Thursday, May 23, 2013

Ending Univalence?

Many magical practitioners grew up in repressive Christian homes and as a result have a bad attitude toward Christianity. I'm not one of them. Before I became a Thelemite and joined OTO I considered myself a Hermetic Christian for a very long time, and I still believe that Christianity is a valid form of spiritual practice for many people. The argument that led me to leave Christianity stemmed from the religion's univalent theology - the idea that only Christians can attain salvation and practitioners of any other religion, no matter how virtuous or spiritual they happen to be, cannot. True, I could have kept the aspects I liked about the Christian system and dispensed with univalence, but that struck me as incoherent and dishonest. Univalence is at the heart of every major Christian denomination, and while it isn't necessarily spoken of in more liberal churches the idea is still there.

Or is it? Pope Francis has recently made waves in the Roman Catholic community by stating that non-Christians can indeed be saved. In fact, Francis' statement extends the possibility of salvation even to atheists, so long as they are virtuous people who perform good works. This apparently new doctrine is similar to Pelagianism, a strand of Christian thought opposed by Saint Augustine in the fifth century and suppressed since that time by the institutional church. According to Pelagianism, moral perfection is attainable through human free will without the necessity of preemptive divine grace, and as such it stands in opposition to the concept of original sin that is central to Augustinian theology.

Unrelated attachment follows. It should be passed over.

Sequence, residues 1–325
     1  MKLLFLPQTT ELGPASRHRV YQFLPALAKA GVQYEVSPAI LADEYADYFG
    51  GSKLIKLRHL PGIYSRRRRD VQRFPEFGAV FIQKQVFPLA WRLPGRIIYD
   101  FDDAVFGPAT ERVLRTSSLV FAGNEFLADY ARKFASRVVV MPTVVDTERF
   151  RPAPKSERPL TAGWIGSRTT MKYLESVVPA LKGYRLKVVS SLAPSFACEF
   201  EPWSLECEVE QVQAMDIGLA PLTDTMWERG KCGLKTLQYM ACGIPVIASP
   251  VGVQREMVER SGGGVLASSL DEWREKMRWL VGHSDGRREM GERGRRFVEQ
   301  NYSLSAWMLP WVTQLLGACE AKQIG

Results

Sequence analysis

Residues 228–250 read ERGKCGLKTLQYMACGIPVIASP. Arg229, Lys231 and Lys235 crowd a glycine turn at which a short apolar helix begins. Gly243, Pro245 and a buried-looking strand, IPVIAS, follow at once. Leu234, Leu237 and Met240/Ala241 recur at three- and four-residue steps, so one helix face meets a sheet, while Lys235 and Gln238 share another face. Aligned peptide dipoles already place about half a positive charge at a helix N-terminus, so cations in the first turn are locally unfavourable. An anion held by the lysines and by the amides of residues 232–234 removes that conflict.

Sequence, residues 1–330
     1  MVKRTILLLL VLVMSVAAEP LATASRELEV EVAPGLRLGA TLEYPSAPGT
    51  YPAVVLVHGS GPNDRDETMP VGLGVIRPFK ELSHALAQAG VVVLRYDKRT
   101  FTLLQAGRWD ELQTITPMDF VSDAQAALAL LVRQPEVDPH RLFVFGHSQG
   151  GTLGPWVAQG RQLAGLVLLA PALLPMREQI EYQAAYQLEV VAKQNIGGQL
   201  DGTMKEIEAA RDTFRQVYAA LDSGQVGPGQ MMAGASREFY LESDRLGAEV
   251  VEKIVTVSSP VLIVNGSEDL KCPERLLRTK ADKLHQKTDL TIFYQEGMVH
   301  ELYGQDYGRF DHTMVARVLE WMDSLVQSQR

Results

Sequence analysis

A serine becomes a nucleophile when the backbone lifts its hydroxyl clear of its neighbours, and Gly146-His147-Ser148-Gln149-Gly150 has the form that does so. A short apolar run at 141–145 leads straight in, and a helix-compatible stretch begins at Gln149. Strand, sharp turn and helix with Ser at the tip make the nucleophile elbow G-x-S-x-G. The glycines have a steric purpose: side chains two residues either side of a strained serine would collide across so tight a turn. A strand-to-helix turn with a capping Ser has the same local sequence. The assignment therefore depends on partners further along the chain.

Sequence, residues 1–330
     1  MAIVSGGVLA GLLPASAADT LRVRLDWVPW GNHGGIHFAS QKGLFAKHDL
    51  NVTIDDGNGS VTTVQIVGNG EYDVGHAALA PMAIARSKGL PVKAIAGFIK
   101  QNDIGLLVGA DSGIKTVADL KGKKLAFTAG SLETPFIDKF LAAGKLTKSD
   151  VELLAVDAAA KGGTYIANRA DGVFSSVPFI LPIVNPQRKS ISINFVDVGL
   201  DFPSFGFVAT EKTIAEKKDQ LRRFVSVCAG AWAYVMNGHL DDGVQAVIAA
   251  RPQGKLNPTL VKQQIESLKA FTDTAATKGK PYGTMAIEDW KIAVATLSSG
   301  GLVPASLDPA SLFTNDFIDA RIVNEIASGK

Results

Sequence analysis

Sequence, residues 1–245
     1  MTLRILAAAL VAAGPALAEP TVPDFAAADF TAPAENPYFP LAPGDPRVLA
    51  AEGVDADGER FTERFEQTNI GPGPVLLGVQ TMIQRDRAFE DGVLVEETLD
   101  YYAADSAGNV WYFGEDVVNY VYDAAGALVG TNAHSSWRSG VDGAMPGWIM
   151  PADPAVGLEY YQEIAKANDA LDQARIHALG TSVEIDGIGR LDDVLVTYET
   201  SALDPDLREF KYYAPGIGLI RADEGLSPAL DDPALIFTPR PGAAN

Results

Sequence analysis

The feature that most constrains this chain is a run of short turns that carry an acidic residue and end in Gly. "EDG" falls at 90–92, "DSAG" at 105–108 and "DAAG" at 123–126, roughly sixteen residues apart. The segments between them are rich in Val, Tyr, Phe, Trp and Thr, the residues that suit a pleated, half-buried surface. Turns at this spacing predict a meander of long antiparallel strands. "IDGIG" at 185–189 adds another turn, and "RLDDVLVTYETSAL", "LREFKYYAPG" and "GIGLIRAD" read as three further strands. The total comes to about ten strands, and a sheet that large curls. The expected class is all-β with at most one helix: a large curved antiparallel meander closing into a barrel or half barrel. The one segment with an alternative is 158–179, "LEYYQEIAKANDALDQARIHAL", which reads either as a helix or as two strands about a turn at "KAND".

“They complain,” the Pope said in his homily, because they say, “If he is not one of us, he cannot do good. If he is not of our party, he cannot do good.” And Jesus corrects them: “Do not hinder him, he says, let him do good.” The disciples, Pope Francis explains, “were a little intolerant,” closed off by the idea of ​​possessing the truth, convinced that “those who do not have the truth, cannot do good.” “This was wrong . . . Jesus broadens the horizon.” Pope Francis said, “The root of this possibility of doing good – that we all have – is in creation”

"The Lord created us in His image and likeness, and we are the image of the Lord, and He does good and all of us have this commandment at heart: do good and do not do evil. All of us. ‘But, Father, this is not Catholic! He cannot do good.’ Yes, he can... "The Lord has redeemed all of us, all of us, with the Blood of Christ: all of us, not just Catholics. Everyone! ‘Father, the atheists?’ Even the atheists. Everyone!".. We must meet one another doing good. ‘But I don’t believe, Father, I am an atheist!’ But do good: we will meet one another there.”